Here’s the latest.

After seven years, Apple loses iPad 2 Smart Cover import duty legal fight

Reported by Mike Peterson on

In Apple Inc. v. United States, the Federal Circuit upheld the Government’s classification of Apple’s iPad Smart Cover, thus subjecting Apple’s iPads to tariffs. The U.S. Customs and Border Control classified the models as “articles of plastic,” which is subject to an import duty, and Apple first challenged this classification in 2013. After losing the challenge in 2019, they appealed in May of 2019, arguing that the models should be classified as “parts and accessories,” which are duty-free. Peterson further reports:

Now, a year later, the U.S. Court of Appeals for the Federal Circuit has rejected the appeal from Apple, stating that it had ‘considered Apple’s remaining arguments and find them unpersuasive.’ As a result, Apple is responsible for the 5.3% import duties on the iPad 2 Smart Cover.

For more information on this case, see our coverage.

Hulu Win Against Database Patent Affirmed by Federal Circuit

Reported by Blake Brittain on

The Federal Circuit also affirmed the Patent Trial and Appeal Board’s decision invalidating a database management patent by Sound View Innovations, LLC in Sound View Innovations, LLC v. Hulu, LLC. Hulu and Unified Patents, LLC challenged parts of the patent, arguing that the database’s method for saving storage space had already been outlined in a textbook. The Federal Circuit agreed with the board, holding that the textbook disclosed the patent’s “monitoring” function. The Court rejected Sound View’s alternative argument that someone of ordinary skill could not create the invention based on the textbook alone. The Federal Circuit also rejected Sound View’s argument that inter partes review (“IPR”) of the patent was unconstitutional since IPR was enacted after the patent was issued. Brittain summarizes:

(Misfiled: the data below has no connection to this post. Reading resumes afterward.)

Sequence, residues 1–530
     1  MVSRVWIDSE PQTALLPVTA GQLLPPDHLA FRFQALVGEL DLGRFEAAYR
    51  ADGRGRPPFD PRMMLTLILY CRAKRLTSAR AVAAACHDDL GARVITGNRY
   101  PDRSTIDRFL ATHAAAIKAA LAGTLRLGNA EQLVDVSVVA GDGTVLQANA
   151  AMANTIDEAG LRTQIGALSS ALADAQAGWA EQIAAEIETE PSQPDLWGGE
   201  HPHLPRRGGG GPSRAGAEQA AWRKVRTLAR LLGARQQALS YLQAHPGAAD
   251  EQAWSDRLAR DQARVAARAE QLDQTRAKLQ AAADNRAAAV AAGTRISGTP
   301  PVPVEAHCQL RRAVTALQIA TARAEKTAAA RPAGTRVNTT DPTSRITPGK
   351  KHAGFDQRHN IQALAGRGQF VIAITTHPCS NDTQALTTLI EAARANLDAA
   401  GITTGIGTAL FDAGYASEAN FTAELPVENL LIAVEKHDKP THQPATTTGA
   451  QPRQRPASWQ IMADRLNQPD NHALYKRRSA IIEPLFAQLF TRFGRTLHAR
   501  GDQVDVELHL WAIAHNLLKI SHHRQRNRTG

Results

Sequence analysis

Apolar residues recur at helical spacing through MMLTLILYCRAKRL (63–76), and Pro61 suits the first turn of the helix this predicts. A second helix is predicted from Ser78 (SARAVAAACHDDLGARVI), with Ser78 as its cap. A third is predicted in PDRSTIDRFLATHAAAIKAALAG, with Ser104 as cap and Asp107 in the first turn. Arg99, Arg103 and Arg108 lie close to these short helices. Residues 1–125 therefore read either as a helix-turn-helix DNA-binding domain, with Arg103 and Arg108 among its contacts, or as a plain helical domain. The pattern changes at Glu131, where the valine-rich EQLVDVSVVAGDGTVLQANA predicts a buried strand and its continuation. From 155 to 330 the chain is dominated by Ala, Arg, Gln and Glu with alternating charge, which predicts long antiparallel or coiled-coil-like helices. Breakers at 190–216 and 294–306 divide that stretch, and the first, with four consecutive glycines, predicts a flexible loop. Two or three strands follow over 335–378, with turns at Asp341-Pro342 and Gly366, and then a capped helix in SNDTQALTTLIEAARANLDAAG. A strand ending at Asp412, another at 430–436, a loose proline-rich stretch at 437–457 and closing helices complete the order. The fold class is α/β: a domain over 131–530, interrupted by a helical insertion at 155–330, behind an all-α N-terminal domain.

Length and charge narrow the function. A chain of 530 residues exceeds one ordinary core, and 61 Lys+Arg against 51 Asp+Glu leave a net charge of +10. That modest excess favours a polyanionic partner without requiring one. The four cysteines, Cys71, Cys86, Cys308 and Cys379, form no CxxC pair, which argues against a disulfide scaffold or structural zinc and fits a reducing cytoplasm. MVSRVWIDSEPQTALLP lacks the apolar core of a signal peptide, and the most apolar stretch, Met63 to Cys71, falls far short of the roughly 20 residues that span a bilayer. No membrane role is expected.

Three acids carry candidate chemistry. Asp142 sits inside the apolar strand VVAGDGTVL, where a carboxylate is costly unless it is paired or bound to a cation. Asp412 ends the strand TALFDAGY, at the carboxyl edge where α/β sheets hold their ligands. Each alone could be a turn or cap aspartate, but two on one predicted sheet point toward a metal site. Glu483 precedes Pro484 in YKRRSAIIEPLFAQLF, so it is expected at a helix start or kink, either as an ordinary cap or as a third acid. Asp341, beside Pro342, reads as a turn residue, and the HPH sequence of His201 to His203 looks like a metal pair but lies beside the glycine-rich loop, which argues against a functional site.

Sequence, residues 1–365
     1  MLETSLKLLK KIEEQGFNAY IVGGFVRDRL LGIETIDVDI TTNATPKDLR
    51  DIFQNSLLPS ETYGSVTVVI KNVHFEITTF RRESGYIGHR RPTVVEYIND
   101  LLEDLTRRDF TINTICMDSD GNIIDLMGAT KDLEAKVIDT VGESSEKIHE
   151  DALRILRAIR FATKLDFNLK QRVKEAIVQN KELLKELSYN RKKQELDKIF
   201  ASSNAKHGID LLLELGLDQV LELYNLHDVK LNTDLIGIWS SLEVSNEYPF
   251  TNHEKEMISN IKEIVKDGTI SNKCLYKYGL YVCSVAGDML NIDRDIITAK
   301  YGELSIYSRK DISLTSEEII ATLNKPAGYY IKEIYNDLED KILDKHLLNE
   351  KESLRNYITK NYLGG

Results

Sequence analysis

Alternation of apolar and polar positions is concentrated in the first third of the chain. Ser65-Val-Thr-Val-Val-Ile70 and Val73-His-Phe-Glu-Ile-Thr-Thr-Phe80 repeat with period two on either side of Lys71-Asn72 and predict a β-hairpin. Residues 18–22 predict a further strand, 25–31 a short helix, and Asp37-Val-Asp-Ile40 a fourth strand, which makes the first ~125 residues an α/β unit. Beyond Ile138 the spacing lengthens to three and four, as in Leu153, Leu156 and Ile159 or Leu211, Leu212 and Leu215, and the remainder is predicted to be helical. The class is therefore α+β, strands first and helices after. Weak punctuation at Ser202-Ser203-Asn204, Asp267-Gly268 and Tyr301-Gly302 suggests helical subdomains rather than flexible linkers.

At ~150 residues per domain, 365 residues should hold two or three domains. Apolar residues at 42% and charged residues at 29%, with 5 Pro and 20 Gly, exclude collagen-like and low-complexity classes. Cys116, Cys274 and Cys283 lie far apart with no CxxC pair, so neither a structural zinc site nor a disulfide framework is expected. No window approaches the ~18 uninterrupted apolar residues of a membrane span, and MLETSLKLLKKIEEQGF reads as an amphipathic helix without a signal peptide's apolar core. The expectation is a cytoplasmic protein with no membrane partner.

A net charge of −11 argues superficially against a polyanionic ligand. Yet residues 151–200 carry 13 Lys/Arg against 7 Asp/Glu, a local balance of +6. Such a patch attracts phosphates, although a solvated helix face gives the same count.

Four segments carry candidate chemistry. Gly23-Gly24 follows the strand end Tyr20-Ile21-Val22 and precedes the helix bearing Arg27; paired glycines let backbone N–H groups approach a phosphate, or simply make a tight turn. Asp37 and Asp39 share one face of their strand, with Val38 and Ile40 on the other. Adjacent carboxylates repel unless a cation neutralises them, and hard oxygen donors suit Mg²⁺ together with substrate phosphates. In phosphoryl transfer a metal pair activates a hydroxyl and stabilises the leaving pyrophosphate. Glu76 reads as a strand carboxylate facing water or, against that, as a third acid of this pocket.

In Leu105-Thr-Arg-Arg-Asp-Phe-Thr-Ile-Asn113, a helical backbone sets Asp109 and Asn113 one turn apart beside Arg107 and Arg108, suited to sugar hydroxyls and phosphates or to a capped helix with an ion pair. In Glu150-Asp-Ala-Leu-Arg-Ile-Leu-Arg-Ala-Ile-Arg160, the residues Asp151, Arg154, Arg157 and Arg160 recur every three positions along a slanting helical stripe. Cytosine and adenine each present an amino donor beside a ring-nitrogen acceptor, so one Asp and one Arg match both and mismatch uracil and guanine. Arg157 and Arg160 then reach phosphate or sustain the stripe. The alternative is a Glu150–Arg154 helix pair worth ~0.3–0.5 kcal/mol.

The PTAB’s review of a patent issued before Congress established the inter partes review process didn’t violate Sound View’s due process rights. ‘We have consistently held that the application of IPR to pre-AIA patents does not violate the Constitution,’ the court said.

For more information on this case, see our coverage.

Federal Circuit Vacates Denial of Attorneys’ Fees

Reported by Thomas Cotter on

Finally, in Electronic Communication Technologies, LLC v., the Federal Circuit vacated and remanded the district court’s denial of attorneys’ fees. Electronic Communication Technologies had asserted a patent infringement claim against and also asserted similar claims against hundreds of companies. The district court dismissed the complaint and then cited the wrong statute in denying the Defendant’s request for attorneys’ fees. The Federal Circuit vacated and remanded, holding that the court failed to consider evidence that ECT’s litigation practices were unreasonable. Evidence of unreasonable litigation practices included standardized demand letters, repeat patent infringement actions, and forced settlements. Cotter summarized the Federal Circuit’s conclusion:

In addition, the Federal Circuit concludes that the district court ‘clearly erred by failing to consider the objective unreasonableness of ECT’s alleging infringement of claim 11 against ShoppersChoice,’ and recommends that, on remand, the court apply 35 U.S.C. § 285 (the Patent Act provision on attorneys’ fees), not the Lanham Act–even though, the court states, ‘the exceptional case standard pertaining to 35 U.S.C. § 285 applies to 15 U.S.C. § 1117.’

For more information on this case, see our coverage.